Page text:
Facilitating Lifelong Learning for Mature Part-time Students: Findings from South Africa and Norway


  • Tone Vold Inland Norway University of Applied Sciences
  • Ann Lourens Nelson Mandela University, Summerstrand Campus North, South Africa
  • Linda V. Kiønig Inland Norway University of Applied Sciences, Rena, Norway
  • Curwyn Mapaling University of Johannesburg, Department of Psychology, Johannesburg, South Africa




hybrid education, facilitating lifelong learning, work-life balance, work-education balance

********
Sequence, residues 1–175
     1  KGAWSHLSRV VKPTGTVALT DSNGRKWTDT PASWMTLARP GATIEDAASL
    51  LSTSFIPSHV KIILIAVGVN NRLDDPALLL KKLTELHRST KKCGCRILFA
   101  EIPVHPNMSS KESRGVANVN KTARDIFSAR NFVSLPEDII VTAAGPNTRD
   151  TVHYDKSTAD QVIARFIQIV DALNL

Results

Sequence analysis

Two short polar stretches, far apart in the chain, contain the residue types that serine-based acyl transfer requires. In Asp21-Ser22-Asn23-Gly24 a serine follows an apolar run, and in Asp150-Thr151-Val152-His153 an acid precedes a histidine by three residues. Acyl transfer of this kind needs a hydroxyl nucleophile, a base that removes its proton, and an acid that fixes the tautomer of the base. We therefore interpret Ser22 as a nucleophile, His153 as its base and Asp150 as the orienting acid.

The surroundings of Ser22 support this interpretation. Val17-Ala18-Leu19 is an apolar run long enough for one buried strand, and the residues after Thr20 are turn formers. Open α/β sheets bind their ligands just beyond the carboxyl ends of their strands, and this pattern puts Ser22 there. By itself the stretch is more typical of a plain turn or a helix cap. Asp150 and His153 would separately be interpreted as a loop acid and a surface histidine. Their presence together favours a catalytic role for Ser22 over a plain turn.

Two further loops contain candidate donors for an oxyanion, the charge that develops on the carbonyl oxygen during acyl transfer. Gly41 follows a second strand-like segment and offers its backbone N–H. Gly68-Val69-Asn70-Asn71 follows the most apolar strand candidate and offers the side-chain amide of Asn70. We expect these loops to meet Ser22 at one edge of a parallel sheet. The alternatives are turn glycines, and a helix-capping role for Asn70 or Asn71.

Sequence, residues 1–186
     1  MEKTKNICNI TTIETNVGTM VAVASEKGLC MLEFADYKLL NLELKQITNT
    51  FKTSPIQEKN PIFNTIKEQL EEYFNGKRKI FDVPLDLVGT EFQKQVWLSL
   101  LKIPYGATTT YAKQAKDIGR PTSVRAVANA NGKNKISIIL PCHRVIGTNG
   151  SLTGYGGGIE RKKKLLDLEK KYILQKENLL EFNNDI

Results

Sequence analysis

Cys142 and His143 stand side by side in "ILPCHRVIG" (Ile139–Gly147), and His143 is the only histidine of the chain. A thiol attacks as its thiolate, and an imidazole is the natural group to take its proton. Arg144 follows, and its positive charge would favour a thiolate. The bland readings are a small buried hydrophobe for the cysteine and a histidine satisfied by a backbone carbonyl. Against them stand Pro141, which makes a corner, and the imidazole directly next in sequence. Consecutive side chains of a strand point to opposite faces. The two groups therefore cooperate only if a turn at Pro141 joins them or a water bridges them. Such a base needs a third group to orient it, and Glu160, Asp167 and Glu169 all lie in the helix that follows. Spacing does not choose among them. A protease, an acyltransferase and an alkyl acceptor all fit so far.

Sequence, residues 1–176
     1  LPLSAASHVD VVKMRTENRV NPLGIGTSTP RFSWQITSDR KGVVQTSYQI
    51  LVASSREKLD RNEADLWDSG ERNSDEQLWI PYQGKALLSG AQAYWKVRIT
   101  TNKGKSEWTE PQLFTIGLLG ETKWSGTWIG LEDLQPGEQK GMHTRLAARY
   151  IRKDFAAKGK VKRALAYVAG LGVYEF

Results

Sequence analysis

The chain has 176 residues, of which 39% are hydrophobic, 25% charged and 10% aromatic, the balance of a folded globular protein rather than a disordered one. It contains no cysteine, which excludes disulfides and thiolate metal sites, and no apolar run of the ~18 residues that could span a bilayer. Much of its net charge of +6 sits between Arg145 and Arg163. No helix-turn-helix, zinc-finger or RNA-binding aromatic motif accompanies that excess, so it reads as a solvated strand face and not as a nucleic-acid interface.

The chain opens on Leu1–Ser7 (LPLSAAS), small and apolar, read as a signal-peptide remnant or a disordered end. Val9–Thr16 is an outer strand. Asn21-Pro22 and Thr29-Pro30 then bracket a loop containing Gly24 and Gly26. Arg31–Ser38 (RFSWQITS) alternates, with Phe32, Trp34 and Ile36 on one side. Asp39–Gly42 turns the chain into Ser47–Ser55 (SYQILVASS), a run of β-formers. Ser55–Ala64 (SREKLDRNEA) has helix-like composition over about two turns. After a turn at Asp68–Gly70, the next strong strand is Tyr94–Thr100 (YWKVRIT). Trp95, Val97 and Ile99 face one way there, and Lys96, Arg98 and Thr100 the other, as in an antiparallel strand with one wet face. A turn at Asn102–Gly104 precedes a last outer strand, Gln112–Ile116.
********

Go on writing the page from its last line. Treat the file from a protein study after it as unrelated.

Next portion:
When the COVID-19 pandemic spread, governments worldwide ordered most of the population to stay at home. From one day to the other all lecturing in higher education institutions (HEIs) had to be online. For many this resulted in solitude and isolation, something that in turn ad an effect on students’ well-being and academic achievements. The situation was somewhat different for mature part-time students (MPTS). They had struggled with being able to attend classes (at a campus), sometimes feeling alienated and left “on their own”. During the pandemic, they were able to attend more lectures as they were offered online. After the pandemic, most courses were offered as a hybrid version; they could return to campus or follow the courses online. Some students returned to campus, but not as many as one hoped. Hence, the student well-being and the academic achievements did not improve as much as hoped and expected. There have been several discourses regarding “forcing” students back to campus in order to improve the students’ situation and to regain the personal contact with the students. However, for one growing group of students, the MPTS’, the hybridity is what has brought them closer to the campus. For these students, the academic achievements have not deteriorated nor their well-being. In fact, investigations show that the hybrid education enables a life-long education situation. In this paper we present investigations from two universities from two very different parts of the world; The Inland Norway University of Applied Sciences, Norway and Nelson Mandela University, South Africa. Our joint research has focussed on looking at how hybridity can be adapted in order to better facilitate for the MPTS to maintain in a life-ling learning situation supporting academic success and ensuring retention, as this group is now no longer in a home office, but back in a work-life.